Tyler Seguin will be entering his third NHL season, if you can believe it, and is reaching a point in his young career where people will begin expecting him to be a difference maker.
Seguin will be well aware of those expectations, as well as the fact that this is a contract year for the 20-year-old. He came within one goal of reaching the 30-goal benchmark, and could easily but up 35-40 goals if he continues to progress. His performance this season will go a long way in determining how the Bruins shape their roster in the near future.
Other than Seguin and his entry-level contract, Brad Marchand ($2.5 million), Milan Lucic ($4.08 million), and Nathan Horton ($4 million) will also be entering their final year under contract. For Marchand and Lucic the task is simple: continue to produce, continue to progress, and the Bruins will be happy to re-sign. For Horton, however, things are a little more tricky.
Two major concussions in seven months may force Horton to stray away from the physical game that has acted as one of his strong points throughout his career. He had 17 goals and 32 points through 46 games prior to his January 22nd concussion, and was clearly missed by Boston in the first round of the playoffs. Horton will have to have a long, healthy, and productive year in order to convince Boston to keep him around, and to keep himself off the trade block.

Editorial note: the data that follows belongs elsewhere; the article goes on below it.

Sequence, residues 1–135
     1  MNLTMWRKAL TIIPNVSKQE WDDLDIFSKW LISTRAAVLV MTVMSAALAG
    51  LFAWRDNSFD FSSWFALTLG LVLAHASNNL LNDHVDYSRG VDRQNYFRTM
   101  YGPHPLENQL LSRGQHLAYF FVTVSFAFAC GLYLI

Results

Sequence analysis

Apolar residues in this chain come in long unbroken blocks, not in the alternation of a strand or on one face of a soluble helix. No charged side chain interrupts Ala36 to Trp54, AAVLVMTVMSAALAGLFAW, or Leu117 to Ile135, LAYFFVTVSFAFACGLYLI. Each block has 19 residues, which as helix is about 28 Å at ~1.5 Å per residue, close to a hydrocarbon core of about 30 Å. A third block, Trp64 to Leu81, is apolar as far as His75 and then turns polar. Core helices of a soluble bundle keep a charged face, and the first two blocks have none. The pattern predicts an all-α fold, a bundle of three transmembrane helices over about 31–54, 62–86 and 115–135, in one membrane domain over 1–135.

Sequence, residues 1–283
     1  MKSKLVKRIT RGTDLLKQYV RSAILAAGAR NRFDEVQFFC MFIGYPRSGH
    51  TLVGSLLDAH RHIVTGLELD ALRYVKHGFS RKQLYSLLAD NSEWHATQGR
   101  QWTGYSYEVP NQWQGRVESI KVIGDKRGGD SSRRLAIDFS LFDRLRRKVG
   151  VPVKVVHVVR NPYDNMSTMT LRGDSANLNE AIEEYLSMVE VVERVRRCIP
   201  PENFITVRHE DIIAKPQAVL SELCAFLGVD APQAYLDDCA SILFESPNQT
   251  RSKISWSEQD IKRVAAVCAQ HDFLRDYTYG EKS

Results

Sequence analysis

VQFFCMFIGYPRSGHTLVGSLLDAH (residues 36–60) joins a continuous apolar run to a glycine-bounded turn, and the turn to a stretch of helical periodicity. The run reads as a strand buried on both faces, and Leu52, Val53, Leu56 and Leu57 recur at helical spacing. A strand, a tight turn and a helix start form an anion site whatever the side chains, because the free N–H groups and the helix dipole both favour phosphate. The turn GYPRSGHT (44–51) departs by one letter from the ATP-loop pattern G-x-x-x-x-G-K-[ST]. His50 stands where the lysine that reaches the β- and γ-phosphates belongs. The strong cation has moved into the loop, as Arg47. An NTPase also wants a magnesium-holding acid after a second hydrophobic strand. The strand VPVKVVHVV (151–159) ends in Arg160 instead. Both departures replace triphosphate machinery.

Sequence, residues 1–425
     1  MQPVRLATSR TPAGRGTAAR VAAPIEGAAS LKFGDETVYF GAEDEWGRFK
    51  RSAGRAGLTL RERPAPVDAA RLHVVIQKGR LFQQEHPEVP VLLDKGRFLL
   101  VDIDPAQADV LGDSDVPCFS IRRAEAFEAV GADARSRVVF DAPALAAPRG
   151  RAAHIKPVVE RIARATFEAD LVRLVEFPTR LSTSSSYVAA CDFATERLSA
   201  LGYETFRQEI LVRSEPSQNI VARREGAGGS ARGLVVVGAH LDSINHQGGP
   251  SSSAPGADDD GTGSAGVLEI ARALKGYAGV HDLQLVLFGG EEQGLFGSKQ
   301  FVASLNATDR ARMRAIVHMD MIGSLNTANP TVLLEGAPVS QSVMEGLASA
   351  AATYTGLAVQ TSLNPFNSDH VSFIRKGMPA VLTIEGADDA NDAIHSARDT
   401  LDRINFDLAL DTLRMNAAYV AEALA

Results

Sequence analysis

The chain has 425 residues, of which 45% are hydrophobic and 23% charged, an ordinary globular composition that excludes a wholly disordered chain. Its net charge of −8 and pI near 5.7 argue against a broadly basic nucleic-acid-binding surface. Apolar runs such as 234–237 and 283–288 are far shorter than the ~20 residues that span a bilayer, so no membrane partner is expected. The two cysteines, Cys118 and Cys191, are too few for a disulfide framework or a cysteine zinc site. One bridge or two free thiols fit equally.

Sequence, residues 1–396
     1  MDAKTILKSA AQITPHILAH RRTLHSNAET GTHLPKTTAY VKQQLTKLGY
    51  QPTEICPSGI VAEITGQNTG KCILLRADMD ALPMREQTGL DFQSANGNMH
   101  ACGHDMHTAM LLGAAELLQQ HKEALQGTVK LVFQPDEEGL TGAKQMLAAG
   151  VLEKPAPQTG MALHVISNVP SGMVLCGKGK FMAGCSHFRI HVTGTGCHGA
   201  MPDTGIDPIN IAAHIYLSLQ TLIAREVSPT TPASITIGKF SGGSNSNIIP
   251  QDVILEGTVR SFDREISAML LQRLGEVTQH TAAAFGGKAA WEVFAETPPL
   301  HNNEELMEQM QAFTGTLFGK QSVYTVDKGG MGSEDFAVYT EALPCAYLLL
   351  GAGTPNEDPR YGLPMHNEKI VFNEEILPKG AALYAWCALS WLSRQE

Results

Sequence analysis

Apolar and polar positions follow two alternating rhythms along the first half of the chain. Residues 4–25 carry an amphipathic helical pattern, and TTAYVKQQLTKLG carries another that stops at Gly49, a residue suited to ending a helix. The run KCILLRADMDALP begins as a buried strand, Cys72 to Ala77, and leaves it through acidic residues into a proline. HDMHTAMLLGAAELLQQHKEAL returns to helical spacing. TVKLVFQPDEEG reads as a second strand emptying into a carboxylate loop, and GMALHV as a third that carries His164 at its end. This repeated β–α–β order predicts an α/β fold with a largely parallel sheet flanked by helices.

2012-2013 will also be the first season for David Krejci under his new deal. Krejci is now the highest paid forward on the Bruins ($5.25 million), and has already come under great criticism for his streaky play last year. Of course, it’s also a mere 12 months since the Czech forward scored 23 points in a dominant Stanley Cup playoffs performance. At 26 years of age, Krejci should be in his prime, and that could work in Boston’s favor whether or not he produces up to his capabilities this year.
Just a few weeks into the off-season and Bobby Ryan’s name has already popped up in the rumor mill. Krejci’s cap hit is comparable to that of Ryan’s, and his name is almost always linked to “blockbuster” rumors around the Hub. However, it’s doubtful Boston would be comfortable with Tyler Seguin centering their first line, or with Chris Kelly or Rich Peverley centering their second or third lines. Plus, let’s not forget that beyond the Tomas Kaberle fiasco, Chiarelli has never been known for his brashness.
“Depth moves” is the name of the game for the Bruins, as management has stated multiple times that they are very happy with this team in its current incarnation. July 1 is just around the corner, and there are no signs that Chiarelli and Co. will be looking to make a huge splash in free agency.
The cornerstones are still in place with Zdeno Chara and Patrice Bergeron, but the 2012 season could be a turning point for the Bruins franchise. There are a lot of moving parts at the moment, and no one is quite sure what to expect. There will be no “Cup hangover” talk this time around. For the first time since capturing their sixth championship, the Boston Bruins will be viewed as harshly as they had been in the previous 39 years.